Glossary.
• Auxiliary problem. The boundary value problem that defines a Green's function, which includes a differential equation with an impulsive heating term and homogeneous boundary conditions. See What is a Green's Function?''
• Boundary condition. A specified value (or relation) at a surface of a body. See Dirichlet, Neumann, and convection conditions.
• Cartesian coordinates. See rectangular coordinates.
• Causality relation. The requirement that the transient GF is zero for any time before the heat pulse is released: . In control theory, a function is said to be causal'' if the response only appears after the effect (heat pulse) that causes it.
• Conductivity. See thermal conductivity.
• Convection at boundary, described by Here h is the heat transfer coefficient and is the outward normal at the body surface. The homogeneous convection boundary condition is • Delta function. See Dirac delta function.
• Dirac delta function. Symbol , is zero everywhere except at in such a way that the integral over the volume is unity. Also called the unit impulse function. See Properties of Dirac delta function.
• Dirichlet boundary condition. Specified temperature at a boundary. The homogeneous Dirichlet boundary condition is T(r i,t)=0.
• energy generation. Symbol g, units [Watts/meter3 or Joule/meter ], energy deposited in a body per unit volume per unit time, for example from electric heating, microwave absorption, nuclear reaction, etc.
• erf See error function.
• erfc See error function (complementary).
• Error function. Symbol erf(z), is defined • Error function (complementary). Related to the error function by • Fin. A solid body exposed to a fluid for the purpose of exchanging heat with the fluid.
• Green's function. A fundamental solution of a linear differential equation satisfying homogeneous boundary conditions. (other names include influence function, impulse response, source solution). See What is Green's Function?
• Green's function solution equation. Formal solution to a boundary value problem in the form of one or more integrals, each of which contains a Green's function and a non-homogeneous term (driving term''). The non-homogeneous terms may be boundary conditions, initial conditions, or volume energy generation.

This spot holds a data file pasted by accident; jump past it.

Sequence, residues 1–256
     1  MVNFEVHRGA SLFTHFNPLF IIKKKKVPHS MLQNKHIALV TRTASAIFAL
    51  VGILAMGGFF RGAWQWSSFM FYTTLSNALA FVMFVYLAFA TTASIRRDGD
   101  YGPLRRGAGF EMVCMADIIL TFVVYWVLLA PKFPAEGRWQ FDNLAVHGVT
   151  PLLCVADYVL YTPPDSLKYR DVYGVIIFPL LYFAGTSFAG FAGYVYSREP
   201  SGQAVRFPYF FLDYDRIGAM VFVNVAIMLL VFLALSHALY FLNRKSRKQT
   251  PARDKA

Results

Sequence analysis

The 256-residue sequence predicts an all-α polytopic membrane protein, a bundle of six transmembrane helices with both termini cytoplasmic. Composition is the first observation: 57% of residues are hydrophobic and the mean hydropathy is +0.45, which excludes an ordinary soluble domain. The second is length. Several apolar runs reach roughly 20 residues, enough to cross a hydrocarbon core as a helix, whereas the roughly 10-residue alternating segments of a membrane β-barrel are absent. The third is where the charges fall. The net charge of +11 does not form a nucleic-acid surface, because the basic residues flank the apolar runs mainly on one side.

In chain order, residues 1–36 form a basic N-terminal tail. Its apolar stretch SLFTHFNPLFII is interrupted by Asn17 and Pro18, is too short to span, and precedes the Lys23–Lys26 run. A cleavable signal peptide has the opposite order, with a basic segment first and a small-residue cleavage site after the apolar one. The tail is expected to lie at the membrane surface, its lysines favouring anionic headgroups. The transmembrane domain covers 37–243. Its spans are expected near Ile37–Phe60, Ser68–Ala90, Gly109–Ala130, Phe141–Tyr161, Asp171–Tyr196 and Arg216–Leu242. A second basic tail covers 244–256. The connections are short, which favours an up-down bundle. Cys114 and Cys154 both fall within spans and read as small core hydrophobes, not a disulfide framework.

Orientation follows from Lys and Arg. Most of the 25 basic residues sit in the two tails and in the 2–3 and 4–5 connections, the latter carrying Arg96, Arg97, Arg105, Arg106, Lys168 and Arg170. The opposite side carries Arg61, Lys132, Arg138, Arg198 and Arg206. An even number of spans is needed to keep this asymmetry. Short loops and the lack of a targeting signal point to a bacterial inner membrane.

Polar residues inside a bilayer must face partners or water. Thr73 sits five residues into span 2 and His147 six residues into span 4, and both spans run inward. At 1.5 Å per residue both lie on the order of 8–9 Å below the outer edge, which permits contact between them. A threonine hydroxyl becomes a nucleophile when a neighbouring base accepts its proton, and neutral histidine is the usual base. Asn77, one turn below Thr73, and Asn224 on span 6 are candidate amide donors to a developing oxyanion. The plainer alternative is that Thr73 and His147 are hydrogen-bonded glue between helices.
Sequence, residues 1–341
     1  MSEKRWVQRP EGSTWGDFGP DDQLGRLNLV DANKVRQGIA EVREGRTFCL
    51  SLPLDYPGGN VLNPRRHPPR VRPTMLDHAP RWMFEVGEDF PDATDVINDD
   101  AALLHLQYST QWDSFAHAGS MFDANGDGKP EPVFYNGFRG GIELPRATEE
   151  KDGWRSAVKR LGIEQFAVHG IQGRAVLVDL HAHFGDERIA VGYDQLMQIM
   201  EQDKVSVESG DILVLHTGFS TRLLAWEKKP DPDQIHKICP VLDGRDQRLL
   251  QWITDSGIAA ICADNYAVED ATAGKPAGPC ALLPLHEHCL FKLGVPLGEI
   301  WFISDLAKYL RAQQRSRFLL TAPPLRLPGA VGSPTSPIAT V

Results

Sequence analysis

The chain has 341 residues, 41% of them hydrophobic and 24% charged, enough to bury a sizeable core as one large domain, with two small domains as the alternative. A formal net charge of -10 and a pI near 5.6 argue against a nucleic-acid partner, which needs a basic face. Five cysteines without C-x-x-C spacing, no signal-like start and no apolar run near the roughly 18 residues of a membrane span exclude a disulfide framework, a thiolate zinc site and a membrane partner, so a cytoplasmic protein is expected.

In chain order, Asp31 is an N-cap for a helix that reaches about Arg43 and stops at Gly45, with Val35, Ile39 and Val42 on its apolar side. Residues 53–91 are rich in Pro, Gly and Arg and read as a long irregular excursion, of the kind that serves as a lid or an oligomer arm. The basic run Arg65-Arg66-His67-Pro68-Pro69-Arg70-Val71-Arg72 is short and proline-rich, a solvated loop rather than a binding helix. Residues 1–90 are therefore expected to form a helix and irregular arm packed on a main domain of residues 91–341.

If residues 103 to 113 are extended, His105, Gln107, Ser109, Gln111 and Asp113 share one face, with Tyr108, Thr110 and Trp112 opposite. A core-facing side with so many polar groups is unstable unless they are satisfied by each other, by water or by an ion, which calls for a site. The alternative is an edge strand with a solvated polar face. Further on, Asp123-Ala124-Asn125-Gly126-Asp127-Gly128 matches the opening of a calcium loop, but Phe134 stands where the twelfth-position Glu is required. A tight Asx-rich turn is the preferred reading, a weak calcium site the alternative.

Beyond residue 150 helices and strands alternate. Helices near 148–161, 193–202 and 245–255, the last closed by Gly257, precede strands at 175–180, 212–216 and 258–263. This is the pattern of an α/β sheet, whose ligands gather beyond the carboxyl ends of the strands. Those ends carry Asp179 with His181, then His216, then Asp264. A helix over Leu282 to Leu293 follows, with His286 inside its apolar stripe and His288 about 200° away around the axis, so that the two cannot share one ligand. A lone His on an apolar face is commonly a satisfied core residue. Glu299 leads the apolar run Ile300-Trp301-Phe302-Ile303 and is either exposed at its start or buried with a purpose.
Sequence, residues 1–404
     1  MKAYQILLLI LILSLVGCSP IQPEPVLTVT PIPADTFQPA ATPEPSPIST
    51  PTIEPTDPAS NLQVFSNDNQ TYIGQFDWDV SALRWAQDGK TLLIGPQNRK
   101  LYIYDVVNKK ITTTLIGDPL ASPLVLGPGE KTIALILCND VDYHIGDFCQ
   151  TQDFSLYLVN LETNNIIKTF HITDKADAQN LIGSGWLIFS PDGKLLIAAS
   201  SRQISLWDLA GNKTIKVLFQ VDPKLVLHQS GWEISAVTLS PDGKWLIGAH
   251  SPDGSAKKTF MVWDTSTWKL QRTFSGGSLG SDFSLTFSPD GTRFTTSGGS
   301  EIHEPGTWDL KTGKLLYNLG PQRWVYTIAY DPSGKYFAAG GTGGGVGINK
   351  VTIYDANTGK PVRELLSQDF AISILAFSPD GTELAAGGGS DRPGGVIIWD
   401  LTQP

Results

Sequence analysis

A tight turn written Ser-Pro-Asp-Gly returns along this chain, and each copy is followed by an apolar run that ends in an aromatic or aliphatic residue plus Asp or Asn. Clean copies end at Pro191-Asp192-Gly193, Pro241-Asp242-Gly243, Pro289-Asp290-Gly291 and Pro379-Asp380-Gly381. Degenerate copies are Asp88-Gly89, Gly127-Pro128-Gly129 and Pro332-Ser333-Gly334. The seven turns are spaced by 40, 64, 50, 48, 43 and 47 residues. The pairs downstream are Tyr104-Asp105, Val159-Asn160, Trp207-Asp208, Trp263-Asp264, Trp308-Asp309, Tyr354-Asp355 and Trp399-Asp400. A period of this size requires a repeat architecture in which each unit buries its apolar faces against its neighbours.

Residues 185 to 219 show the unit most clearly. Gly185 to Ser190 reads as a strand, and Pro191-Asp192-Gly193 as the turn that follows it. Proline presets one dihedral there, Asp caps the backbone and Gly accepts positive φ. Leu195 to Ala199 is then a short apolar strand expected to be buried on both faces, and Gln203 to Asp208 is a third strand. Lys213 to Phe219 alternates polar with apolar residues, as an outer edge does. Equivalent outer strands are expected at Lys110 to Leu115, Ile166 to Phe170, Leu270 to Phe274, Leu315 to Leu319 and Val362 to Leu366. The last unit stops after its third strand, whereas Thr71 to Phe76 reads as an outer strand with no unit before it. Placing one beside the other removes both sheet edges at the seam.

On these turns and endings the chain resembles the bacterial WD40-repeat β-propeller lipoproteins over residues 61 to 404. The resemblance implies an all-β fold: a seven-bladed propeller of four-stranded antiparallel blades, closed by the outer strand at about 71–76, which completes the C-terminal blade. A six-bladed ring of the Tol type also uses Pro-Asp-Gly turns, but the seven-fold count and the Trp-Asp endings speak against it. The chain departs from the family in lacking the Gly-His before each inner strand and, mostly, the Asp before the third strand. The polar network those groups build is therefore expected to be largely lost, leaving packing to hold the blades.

• Heat equation. Also called the transient heat conduction equation. Describes the movement of heat by diffusion (molecule-to-molecule transport) in a solid (or motionless) medium. In vector notation, Here T is temperature, k is conductivity, g is energy generation, is thermal diffusivity, r is spatial coordinate, and t is time.
• Heat flux. Energy per unit time per unit area. Units Watts/meters2.
• Heat transfer coefficient. Symbol h, units [W/m2/K]. Relates the surface temperature and surface heat flux with a surrounding fluid according to Newton's law of cooling:

qsurface=h(Tsurface-Tfluid) .

• Helmholtz equation. Given by When m2 is real this equation describes steady heat with side'' heat losses (fin losses). When m2 is imaginary the Helmholtz equation is the heat equation in Fourier-transform space (also called the thermal-wave equation). Finally, replace -m2 by real +m2 to give the wave equation in Fourier-transform space.
• Homogeneous equation. An equation in which every non-zero term contains the independent variable. For example, in a homogeneous heat equation every term contains T (there is no energy generation term).
• Homogeneous boundary condition. A boundary condition defined by an equation in which the temperature appears in every non-zero term. The following boundary conditions are homogeneous:
type 1, T = 0;
type 2, ;
type 3, .
• Homogeneous body. A body composed of the same material all the way through.
• Initial condition. Temperature distribution at t=0.
• Insulated boundary. A boundary with no heat flow, defined by on the boundary. See also Neumann boundary condition.
• Laplace equation. Also called the steady heat conduction equation.
• Multiplicative property. For transient heat conduction, many rectangular and cylindrical 2-D and 3-D GF may be constructed by multiplying 1-D GF. See Beck (1992, section 4.5) for restrictions.
• Neumann boundary condition. The specified heat flux boundary condition, defined by where is the outward normal on the body surface at ri. The homogeneous Neumann condition is the insulated boundary, .
• Pseudo Green's function. A GF modified for use in a body with all boundaries of type 2 (specified heat flux); for these problems the usual GF does not exist. The defining auxiliary equation for the pseudo GF has an additional term.
• Rectangular coordinates. Cartesian coordinates (x,y,z).
• Reciprocity. A GF that is symmetric with respect to space and asymmetric with respect to time is said to exhibit reciprocity. see Properties of GF.
• Specific heat. Material property with symbol c and units [Joule/kg/K]. The amount of energy needed to raise a unit mass of a material one degree.
• Spherical coordinates. also called spherical polar coordinates, .
• Temperature. Symbol T, units Kelvin. A measure of the intensity of thermal energy present in a body.
• Thermal diffusivity. Symbol , units m . A defined property found from specific heat, density and thermal conductivity: .
• Thermal conductivity. Symbol k, units W/m/K. Defines the proportionality relation between heat flux and temperature gradient, defined by Fourier's law: • Volume energy generation. See energy generation.
• Watt. A unit of power equal to one Joule per second.